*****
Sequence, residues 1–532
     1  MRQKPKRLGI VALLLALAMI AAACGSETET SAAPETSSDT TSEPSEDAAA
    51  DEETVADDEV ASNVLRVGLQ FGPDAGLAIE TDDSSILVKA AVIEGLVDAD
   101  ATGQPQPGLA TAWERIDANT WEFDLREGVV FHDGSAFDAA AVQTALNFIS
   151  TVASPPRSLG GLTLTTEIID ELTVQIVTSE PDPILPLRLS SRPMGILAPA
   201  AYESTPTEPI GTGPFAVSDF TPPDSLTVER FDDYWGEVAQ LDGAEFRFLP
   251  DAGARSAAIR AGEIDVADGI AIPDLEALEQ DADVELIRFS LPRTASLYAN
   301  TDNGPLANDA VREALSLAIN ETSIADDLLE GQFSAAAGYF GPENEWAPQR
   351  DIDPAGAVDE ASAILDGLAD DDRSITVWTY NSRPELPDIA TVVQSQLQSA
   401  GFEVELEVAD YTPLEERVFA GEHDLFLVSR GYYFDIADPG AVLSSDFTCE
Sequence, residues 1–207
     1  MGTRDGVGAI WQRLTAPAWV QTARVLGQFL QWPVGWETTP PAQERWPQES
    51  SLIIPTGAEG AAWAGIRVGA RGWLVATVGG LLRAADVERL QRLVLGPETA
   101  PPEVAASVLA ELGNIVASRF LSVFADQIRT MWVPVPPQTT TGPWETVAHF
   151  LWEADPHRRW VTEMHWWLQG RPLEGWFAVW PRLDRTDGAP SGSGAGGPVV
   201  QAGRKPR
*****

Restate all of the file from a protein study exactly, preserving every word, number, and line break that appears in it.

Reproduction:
Sequence, residues 1–532
     1  MRQKPKRLGI VALLLALAMI AAACGSETET SAAPETSSDT TSEPSEDAAA
    51  DEETVADDEV ASNVLRVGLQ FGPDAGLAIE TDDSSILVKA AVIEGLVDAD
   101  ATGQPQPGLA TAWERIDANT WEFDLREGVV FHDGSAFDAA AVQTALNFIS
   151  TVASPPRSLG GLTLTTEIID ELTVQIVTSE PDPILPLRLS SRPMGILAPA
   201  AYESTPTEPI GTGPFAVSDF TPPDSLTVER FDDYWGEVAQ LDGAEFRFLP
   251  DAGARSAAIR AGEIDVADGI AIPDLEALEQ DADVELIRFS LPRTASLYAN
   301  TDNGPLANDA VREALSLAIN ETSIADDLLE GQFSAAAGYF GPENEWAPQR
   351  DIDPAGAVDE ASAILDGLAD DDRSITVWTY NSRPELPDIA TVVQSQLQSA
   401  GFEVELEVAD YTPLEERVFA GEHDLFLVSR GYYFDIADPG AVLSSDFTCE
Sequence, residues 1–207
     1  MGTRDGVGAI WQRLTAPAWV QTARVLGQFL QWPVGWETTP PAQERWPQES
    51  SLIIPTGAEG AAWAGIRVGA RGWLVATVGG LLRAADVERL QRLVLGPETA
   101  PPEVAASVLA ELGNIVASRF LSVFADQIRT MWVPVPPQTT TGPWETVAHF
   151  LWEADPHRRW VTEMHWWLQG RPLEGWFAVW PRLDRTDGAP SGSGAGGPVV
   201  QAGRKPR